layered salad in a jar

layered salad in a jar // brooklyn supperThis post is sponsored by SmartyPants Vitamins. Thank you for supporting Brooklyn Supper’s sponsors!

After years of growing summer foods in containers, I’ve been a little taken aback at the amount of time it takes to properly care for a real garden in Virginia in mid-July. This weekend, my diligence slipped a bit and we got the first woody green beans and one way-too-giant zucchini. The difference between a tender vegetable and an overgrown one feels like 5 minutes. And what began as a nice handful of this or that a few weeks ago, is now filling a pint (or even a quart) basket daily. It’s overwhelming and wonderful all at the same time.

No matter what kind of stress or to-dos are swirling, it’s a good time to remember that a basket of vegetables picked right from the yard is among life’s greatest pleasures. Of course, said vegetables can’t be ignored once inside the house. Prepping, chopping, blanching, and storing all this good stuff is part of the deal. Right now, we’re swimming in the abundance and have been cooking up dinners with mismatched salads and small veg-centered sides. We feel our way through meal prep, combining things we’ve picked up at the market, CSA goodies, and a bit of the stuff we grew ourselves.
layered salad in a jar // brooklyn supperlayered salad in a jar // brooklyn supperlayered salad in a jar // brooklyn supperFor this post, we’re glad to be working with SmartyPants Vitamins who put as much care into creating their vitamins as we put into preparing our food. Capturing nutrients from the very best sources, including third-party certified sustainable fish and carefully sourced vitamins and minerals, in many ways mirrors the way we eat –– fresh, good food at its peak.

Inspired by the fresh ingredients in SmartyPants Vitamins, we made these colorful salads packed into jars. They’re totally portable and therefore perfect for taking to work, on picnics, or just having at the ready for a quick (healthy) bite. The layers keep each ingredient just right (no soggy vegetables here!) and these Mason jar salads are a great way to sock away bunches of fresh produce for easy eating down the line.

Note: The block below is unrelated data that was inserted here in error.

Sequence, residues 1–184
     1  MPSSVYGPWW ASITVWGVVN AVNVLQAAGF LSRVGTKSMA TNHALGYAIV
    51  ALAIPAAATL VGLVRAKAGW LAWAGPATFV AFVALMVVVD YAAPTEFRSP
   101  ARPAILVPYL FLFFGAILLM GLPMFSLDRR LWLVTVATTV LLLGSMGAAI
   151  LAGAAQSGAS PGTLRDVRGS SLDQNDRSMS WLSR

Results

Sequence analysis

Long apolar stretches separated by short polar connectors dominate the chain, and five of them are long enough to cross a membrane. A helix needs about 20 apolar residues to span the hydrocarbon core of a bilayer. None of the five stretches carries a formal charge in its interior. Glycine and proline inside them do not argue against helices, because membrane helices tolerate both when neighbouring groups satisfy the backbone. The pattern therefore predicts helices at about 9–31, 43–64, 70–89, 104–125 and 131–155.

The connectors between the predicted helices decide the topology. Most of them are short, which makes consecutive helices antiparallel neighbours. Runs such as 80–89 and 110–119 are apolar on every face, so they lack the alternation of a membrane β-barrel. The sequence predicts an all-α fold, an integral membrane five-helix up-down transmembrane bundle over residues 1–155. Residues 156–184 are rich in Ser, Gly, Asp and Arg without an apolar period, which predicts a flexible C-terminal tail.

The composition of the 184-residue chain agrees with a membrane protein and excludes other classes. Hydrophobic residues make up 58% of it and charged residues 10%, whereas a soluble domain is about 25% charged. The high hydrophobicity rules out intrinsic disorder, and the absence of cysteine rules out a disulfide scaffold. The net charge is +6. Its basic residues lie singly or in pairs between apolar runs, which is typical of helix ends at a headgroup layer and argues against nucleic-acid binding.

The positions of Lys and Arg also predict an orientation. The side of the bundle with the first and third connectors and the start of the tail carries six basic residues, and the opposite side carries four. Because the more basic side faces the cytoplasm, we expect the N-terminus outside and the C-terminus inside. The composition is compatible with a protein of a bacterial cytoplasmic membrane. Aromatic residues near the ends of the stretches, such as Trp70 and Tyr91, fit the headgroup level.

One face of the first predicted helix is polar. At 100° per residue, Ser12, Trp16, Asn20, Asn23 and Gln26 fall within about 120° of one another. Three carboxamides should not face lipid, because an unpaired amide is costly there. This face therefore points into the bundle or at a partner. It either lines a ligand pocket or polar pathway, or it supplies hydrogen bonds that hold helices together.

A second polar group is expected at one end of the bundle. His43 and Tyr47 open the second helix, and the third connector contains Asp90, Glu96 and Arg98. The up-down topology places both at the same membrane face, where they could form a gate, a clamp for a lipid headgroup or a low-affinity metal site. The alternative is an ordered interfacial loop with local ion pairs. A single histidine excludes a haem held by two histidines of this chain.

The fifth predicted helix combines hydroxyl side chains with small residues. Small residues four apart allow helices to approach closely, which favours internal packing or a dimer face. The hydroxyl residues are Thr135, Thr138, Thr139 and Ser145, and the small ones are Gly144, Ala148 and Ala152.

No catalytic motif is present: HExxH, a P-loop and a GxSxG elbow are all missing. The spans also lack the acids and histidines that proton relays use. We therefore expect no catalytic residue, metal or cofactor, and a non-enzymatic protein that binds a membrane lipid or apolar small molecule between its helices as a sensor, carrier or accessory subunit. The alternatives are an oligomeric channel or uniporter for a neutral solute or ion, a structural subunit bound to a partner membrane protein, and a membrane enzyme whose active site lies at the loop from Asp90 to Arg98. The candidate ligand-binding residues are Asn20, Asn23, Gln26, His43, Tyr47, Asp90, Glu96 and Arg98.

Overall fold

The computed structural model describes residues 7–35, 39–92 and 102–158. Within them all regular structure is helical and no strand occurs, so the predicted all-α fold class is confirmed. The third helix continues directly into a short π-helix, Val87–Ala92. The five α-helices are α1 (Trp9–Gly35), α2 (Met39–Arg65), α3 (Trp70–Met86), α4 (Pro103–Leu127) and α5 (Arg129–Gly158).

layered salad in a jar // brooklyn supper

Kale, Beet, Green Bean, and Carrot Salad in a Jar with Garlic Scape Maple Soy Vinaigrette

makes two pint jars of salad

Aside from the garlic scapes, these ingredients are widely available for much of the year. Once scape season has passed, try subbing in hardneck garlic, ramps, leeks, or onions for a nice punch of flavor. You’ll want to adjust the sauté time for more delicate alliums like ramps.

for the dressing
1/4 cup extra virgin olive oil
4 garlic scapes, cut into 1/2-inch segments
2 tablespoons fresh squeezed lemon juice
1 teaspoon maple syrup
1 teaspoon tamari or soy sauce
1/2 teaspoon white wine vinegar
1/4 teaspoon sea salt

Heat a small skillet over medium heat. Add the olive oil. When hot, toss in the garlic scapes and sea salt. Cook for 1 – 2 minutes, or until the edges of the scapes tinge brown, and then edge heat down to low. Cook for another 8 minutes. Remove from heat and set aside to cool.

Scrape the scapes and olive oil into a small bowl. Whisk in the remaining ingredients.

for the salad
1 cup green beans, ends trimmed
3 – 4 small carrots, peeled, trimmed, and cut diagonally into 1/2-inch slices
1 bunch small beets, peeled, trimmed, and quartered
2 cups chopped kale
sea salt

Fill a saucepan with water and bring to a boil. Add a generous amount of sea salt (about 1 teaspoon). Blanche the green beans for one minute. Use a slotted spoon to remove from boiling water, and then dip briefly in ice-cold water. Dry beans and set aside. In the same boiling water, blanche the carrots for two minutes, remove from boiling water, and immerse in ice water. Blot carrots dry and set aside. Finally, blanche the beets for 2 – 3 minutes, or just until tender, dip in cold water, blot dry, and set aside.

In a medium bowl, pour half the dressing along with a pinch of sea salt over the kale. Use your fingers to rub dressing into the leaves.

Set each cooked vegetable in a small bowl. Drizzle each with a bit of dressing and a pinch of sea salt.

Set out two clean wide-mouthed pint jars. Dived the beets, and place at the bottom of each jar. Next, add a thin layer of kale (just enough to isolate the beets), followed by a layer of carrots, and a layer of green beans. Top each jar off with the remaining kale, pressing down a bit to fit more in.

Seal jars, and set in fridge. Salads should keep well for up to three days. To serve, simply tip salad out into a bowl.
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    • Elizabeth says

      I so agree Liz –– wish the scapes could last all season long! I still have a few kicking around and think I’ll use them to freeze a little pesto.


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